This article originally appeared at the Globe and Mail – see original version here (for subscribers only).
Exhausted. Overwhelmed. Flat. Emotional. Hopeful. Cautiously optimistic.
These are just a few of the words voiced by many of my coaching clients and workshop participants in recent months when I have asked the loaded question: “How are you? No really, how are you?”
It’s normal to experience seasonal winter blahs. But add in two years of restrictive pandemic life and then a whole swath of more challenges – floods, fires, wars, chaos, globally and on our own streets – that’s a different story. Our resilience has been tested, stretched and tested again.
Thankfully, there are glimmers of hope and reason for cautious optimism, at least on the pandemic front. With a new season ahead and a reopening on many fronts, there just might be some better days ahead. Fingers crossed. Toes too, right?
But we’d be wise to stay on our toes with our resilience efforts because we’re not going back to the same version of normal we once knew. While we will resume some sense of normalcy and activities we so dearly missed, there will always be a degree of flux and uncertainty in our lives and work experience.
Resilience is the fuel of the future
If resilience was a stock, its valuation is massively on the rise. It will never go out of favour. We would all do well by investing in it. It’s the fuel of the future and in play right now.
It will be crucial to forge ahead in careers, leadership and the business of work. A silver lining from these past two years is an immense awakening to the resilience challenge; how vulnerable we can be, and yet also have agency in keeping our tanks filled, and in supporting others.
We still have a ways to go, but I predict resilience as a crucial skill will continue to take root in the year ahead as an essential priority for work, leadership and the continuum of professional and personal growth.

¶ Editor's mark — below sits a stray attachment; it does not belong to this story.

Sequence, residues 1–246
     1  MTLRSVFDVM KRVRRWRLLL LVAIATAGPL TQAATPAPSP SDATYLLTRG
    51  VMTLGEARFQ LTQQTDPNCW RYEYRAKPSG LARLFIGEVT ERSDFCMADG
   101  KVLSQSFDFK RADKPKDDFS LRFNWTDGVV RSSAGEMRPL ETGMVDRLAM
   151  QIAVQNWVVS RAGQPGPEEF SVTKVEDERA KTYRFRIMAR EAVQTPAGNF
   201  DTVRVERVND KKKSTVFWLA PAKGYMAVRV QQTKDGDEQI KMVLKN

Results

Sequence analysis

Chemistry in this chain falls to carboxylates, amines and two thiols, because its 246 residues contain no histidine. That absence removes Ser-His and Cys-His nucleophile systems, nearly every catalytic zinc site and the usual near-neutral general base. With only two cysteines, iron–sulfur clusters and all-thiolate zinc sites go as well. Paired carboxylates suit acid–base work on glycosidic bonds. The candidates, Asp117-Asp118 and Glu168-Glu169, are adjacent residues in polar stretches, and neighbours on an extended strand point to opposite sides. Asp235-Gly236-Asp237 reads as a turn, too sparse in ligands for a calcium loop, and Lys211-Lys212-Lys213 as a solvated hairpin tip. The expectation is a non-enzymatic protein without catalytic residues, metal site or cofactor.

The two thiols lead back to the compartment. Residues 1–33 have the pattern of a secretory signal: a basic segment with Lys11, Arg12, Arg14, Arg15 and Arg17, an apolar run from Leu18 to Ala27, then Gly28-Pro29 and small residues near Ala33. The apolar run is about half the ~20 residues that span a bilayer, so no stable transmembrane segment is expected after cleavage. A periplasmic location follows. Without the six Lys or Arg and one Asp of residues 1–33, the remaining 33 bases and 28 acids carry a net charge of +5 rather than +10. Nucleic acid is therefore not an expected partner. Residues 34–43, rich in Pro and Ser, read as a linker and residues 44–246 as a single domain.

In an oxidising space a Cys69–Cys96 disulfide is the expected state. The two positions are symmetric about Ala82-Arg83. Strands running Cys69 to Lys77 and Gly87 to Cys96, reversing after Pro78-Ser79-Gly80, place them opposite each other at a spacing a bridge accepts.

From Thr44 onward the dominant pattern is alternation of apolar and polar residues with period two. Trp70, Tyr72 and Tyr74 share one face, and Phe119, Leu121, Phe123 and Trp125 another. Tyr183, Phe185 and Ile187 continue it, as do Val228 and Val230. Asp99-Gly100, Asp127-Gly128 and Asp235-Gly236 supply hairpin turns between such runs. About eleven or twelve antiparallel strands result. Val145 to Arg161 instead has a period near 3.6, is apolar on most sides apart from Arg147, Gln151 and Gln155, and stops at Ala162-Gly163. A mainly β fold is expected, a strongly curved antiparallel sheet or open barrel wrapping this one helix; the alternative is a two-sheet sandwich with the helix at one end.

It has a great business case, too, because it’s for everyone, everywhere. No one is immune from the wear and tear of disruptive, challenging times. Even our famous Olympians, tennis and hockey stars have publicly shared their humanity and faltering moments when their mental health and resilience tanks were running low. No matter how accomplished, driven and capable – depletion can hit us all.
The paradox is that resilience can deplete, but it can also renew. We just need to pay more attention, because what worked before may not be enough for current and future times of flux. This is true for individuals, teams and organizations.
On a positive note, people and organizations are taking notice. Individually, they are meditating, practising self-care and self-compassion, discovering the healing power of nature with even a short walk outside (kudos to one of my clients who gets out daily even in -40 degrees).
On the leadership front, I have daily conversations with leaders who are reaching out to have more human connection with their people despite the challenges of physical distancing. They are caring more, listening better and creating safe climates for their people to speak up about their fears and struggles. Not only is the work getting done but trust is being built in these difficult times.
A great start. But leaders are also faltering and trying to find their footing in these wearing days.
So what else? How else? Who else?
We’ve got a lot more work ahead.
What else can we do? Individually, and collectively?
What tiny moves might have big, positive impacts? On ourselves and on others?
What can we control? What must we let go of and/or be more flexible around?
Resilience is both an individual and a team sport
Each person must take personal responsibility for themselves and there is much that can be done at the leadership and organizational level, too. We are social beings. Every action, inaction, word or silence can have profound impact on other’s experience and resiliency.
So, how to move forward? Resilience is not one thing, one strategy or one path. It’s many. We must attend to mental, social, emotional, physical and spiritual well-being to fuel up and protect our resilience tanks. And we need to rethink some of our old ways of leading, of working and of growing ourselves.
In upcoming columns I’ll share resilience paths and principles that can be helpful touchpoints and a compass for action. I’ll also write about leading, working and living in times of flux, challenge and opportunity.
But for now, a few questions to reflect and act on:
1. What is at least one tiny thing I can do to protect and boost my resilience?
2. How can I be more sensitive and supportive of others in my work (and life) experience? What is my impact? What can I do to have positive influence?
Eileen Chadnick, PCC, ACPC of Big Cheese Coaching, is an ICF credentialed executive coach, team coach, workshop facilitator, and writer specializing in career navigation, executive and leadership development, culture-building, and communications. Principal of Big Cheese Coaching and Chadnick Communications in Toronto, Eileen is also a faculty member of the Business Coaching Advantage Program™ at People Dynamics Learning Group Inc. She draws from the disciplines of emotional intelligence, positivity – and Conversational Intelligence®(C‐IQ®) in her work. She is author of the book, Ease: Manage Overwhelm in Times of Crazy Busy. See more at www.bigcheesecoaching.com